God of War Ragnarok Review spoiler free – a game for a new generation

STORYTELLING is a spoken tradition in which people tell stories that were once told to them.

The narrator usually focuses on a fixed structure; Stories that take place in one place, with a clear beginning and end, seen from the protagonist’s point of view.

There are nine realms to explore.

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There are nine realms to explore.Photo credit: Sony Santa Monica

This is the same structure we see in many stories today, even those told in video games.

The original God of War reboot did this as well, as it tells the story of Kratos in one long shot.

It mimics the tradition of ancient Greek storytelling, but this structure has its own problems.

You only see a narrow view of a vast world, as if you were looking at the earth from an airplane window.

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We knew the Norse gods were plotting their revenge somewhere in the background, but God of War Ragnarök changes that classic formula and brings it to the fore.

The camera rarely crops, but unlike the original, the focus isn’t just on Kratos.

A roaming camera tells a much richer story, with more focus on the other characters in the story.

Ragnarok’s cast is twice the size of the original, yet each character has a fully developed background and story arc.

Even throwaway lines have depth. The writing style is touching and often profound, which is difficult in a game about an overly angry bald man.

Christopher Judge does an incredible job portraying a thoughtful, caring, yet very dangerous Kratos.

Ryan Hurst, Richard Schiff and Danielle Bisutti all play their part in bringing the Norse gods to life.

The original story was simple – a father and son journey to the highest peak to scatter the mother’s ashes.

While there were numerous bumps in the road along the way, the sequel removes these and instead gives you a variety of objectives to explore.

Ragnarok reveals the truth about Kratos’ journey to raise his son in a world fraught with danger.

It was Kratos’ journey as much as Atreus’, as the demigod grows as a person thanks to his role as a father.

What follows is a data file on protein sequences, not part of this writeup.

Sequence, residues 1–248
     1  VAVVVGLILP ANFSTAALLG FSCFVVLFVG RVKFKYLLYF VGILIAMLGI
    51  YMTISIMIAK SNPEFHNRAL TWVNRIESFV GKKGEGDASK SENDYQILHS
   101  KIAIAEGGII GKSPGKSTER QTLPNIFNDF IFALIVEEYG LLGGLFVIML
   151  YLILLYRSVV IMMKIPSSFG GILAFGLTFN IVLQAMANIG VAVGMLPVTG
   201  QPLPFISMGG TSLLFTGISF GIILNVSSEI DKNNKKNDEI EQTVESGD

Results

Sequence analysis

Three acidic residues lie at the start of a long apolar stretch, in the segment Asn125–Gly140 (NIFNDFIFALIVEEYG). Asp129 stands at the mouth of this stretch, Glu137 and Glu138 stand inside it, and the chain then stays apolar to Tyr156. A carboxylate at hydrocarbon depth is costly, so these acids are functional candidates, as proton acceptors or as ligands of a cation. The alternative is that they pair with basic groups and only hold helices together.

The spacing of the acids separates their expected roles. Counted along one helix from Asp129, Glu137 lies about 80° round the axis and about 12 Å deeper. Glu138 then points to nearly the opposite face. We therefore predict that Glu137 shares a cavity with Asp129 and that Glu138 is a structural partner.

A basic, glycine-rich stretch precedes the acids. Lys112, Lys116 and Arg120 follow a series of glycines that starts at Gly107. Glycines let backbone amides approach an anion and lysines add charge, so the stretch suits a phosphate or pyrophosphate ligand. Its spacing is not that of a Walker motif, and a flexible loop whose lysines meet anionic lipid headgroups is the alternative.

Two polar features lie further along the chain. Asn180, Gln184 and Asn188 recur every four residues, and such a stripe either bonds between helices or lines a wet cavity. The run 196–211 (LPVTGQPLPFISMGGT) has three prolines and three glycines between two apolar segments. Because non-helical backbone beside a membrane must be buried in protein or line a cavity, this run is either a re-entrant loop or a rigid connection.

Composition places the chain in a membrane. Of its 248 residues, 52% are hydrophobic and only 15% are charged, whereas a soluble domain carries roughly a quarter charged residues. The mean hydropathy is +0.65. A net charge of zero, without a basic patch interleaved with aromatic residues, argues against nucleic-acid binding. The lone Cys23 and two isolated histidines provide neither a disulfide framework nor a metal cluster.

This is reflected in both of the pair’s fights and journey. Kratos no longer carries Atreus no matter how difficult the terrain.

He can now find his own path, both in the wild and in combat. He’s a more capable fighter, and to show that Kratos no longer calls him “boy”.

The fight hasn’t changed as much as the story. You can switch between your Frost Ax and your Flame Blades depending on the situation.

Grapple points give you the ability to jump up and swoop down from greater heights while the camera works to set the fantasy of each attack.

Double-tap throws now break almost every turn, which is crucial in some of the more difficult late-game battles.

Dodges, blocks, and parries will all play an important role when taking on bosses that impose health bars.

Button stompers will have a harder time with this surprisingly tight system.

The lack of enemy diversity was addressed in the sequel. We’re still finding new enemies 32 hours into our playthrough.

Even the most die-hard God of War fan will not be disappointed by the bombastic boss fights.

Without spoiling too much, there are also new fighting styles that are just as balanced as Kratos’ default setup.

Like all of Ragnarök’s greatest revelations, this one is better for you to discover for yourself.

It’s full of moments that surprise you. While the first few hours feel very much like the original, it uses that anticipation to pull a 180.

You’ll find yourself exploring all the side quests just to learn more.

They connect and overlap in a way that allows you to complete many at once.

There are nine realms to explore in this surprisingly diverse world, from green rivers of algae to windswept deserts and freezing glaciers.

There are a few locations that return from the original, which gives a pleasantly nostalgic twist.

Kratos is more thoughtful than his former self, although those who didn’t play the original trilogy won’t know the vengeance-blinded man he was before.

While the God of War reboot was highly revered, Ragnarök is the better game by every measure.

It won’t be long before almost everyone on social media is spoiling it, so prepare because, like Fimbulwinter, ragnarök is a dish best served cold.

Written by Kirk McKeand and Georgina Young on behalf of GOOD LUCK AND HAVE FUN.

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https://www.thesun.ie/tech/9671695/god-of-war-ragnarok-review/ God of War Ragnarok Review spoiler free – a game for a new generation

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